I wrote a column at this time last year about graduating residents' poor interview behavior; they were walking into interviews and asking about sign-on bonuses before even taking a seat. That behavior has escalated. Unfortunately, I have trouble finding a great deal of fault with graduating residents coming out of their programs with enormous loan debt and young families wanting to get their piece of the pie. How long can this go on, and at what point does it harm the specialty?

The large national groups, whether corporate entities or physician owned and run, have the financial capability to put these front packages out there, but at some point, if they have to do it for all of their sites, it becomes prohibitively expensive. What happens when a physician going for a job in a popular lifestyle location begins comparing notes with a colleague interviewing for the same group in a less desirable location, with the latter getting a huge front package while the former is barely getting a relocation bonus? Certainly the group can cite the difficulties of recruiting in less popular areas, but can they expect any candidate to accept that and not play the equity card? If they are offering jobs to physicians with the same credentials and work history (and that is often the case with graduating residents), how do they justify offering one but not the other a huge package?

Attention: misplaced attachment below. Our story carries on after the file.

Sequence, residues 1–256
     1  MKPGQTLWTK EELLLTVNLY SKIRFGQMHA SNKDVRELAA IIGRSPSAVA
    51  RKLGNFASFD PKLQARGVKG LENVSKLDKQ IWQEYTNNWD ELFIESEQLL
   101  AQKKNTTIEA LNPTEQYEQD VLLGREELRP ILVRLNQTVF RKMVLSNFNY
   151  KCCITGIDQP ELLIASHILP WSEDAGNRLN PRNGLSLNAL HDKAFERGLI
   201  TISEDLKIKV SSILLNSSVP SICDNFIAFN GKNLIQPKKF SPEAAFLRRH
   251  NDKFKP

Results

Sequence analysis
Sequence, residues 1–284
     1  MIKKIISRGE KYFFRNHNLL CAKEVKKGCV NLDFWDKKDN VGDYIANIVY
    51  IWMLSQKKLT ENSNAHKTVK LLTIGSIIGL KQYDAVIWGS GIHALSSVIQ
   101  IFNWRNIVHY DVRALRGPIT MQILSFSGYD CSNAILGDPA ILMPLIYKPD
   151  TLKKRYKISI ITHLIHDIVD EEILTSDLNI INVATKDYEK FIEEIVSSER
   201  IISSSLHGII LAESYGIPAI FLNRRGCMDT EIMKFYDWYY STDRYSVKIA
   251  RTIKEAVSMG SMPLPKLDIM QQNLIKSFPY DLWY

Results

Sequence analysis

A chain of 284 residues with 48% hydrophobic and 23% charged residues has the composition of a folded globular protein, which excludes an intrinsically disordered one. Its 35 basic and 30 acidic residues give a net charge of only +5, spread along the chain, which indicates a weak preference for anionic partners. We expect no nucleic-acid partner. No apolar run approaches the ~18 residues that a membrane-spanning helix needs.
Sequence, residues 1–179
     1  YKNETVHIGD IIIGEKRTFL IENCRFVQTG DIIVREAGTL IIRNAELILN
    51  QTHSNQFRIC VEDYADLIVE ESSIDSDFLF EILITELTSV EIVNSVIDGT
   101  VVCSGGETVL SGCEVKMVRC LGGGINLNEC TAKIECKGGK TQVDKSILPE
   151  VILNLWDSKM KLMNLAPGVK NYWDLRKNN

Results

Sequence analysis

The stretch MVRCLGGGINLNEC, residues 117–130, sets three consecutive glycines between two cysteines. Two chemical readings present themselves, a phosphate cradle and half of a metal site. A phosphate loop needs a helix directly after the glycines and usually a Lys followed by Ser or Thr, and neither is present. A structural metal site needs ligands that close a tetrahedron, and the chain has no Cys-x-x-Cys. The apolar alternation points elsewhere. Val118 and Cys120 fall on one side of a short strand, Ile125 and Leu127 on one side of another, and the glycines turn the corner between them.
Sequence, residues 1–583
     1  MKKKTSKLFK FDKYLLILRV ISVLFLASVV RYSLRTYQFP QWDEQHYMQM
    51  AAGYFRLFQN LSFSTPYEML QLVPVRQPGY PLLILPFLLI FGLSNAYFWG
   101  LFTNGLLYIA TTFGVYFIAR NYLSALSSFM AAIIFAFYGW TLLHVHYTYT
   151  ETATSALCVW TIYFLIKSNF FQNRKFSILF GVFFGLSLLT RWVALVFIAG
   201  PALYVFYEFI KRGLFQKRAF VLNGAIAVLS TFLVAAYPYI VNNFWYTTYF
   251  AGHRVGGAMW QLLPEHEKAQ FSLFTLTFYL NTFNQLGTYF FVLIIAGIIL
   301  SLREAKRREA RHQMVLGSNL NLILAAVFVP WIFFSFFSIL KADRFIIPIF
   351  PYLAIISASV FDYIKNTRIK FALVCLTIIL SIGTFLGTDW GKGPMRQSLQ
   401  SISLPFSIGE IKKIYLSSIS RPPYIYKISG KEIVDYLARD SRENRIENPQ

So how do rural employers in the most-difficult-to-recruit areas compete with the employers throwing everything but the kitchen sink into the mix? Obviously, if you are an employer in a highly desirable lifestyle area, most of this is moot. Emergency physicians understand that you pay for the privilege of working in Colorado, for instance, with lower incomes.

Many employers and physicians are concerned that all this front money is not only breaking the bank, but also not necessarily buying the physician for more than a year, which puts them in the position of having to fork out the front money again. Most of these contract deals come with a one-year employment contract. Though some employers hold some of the sign-on bonus for re-signing, most do not.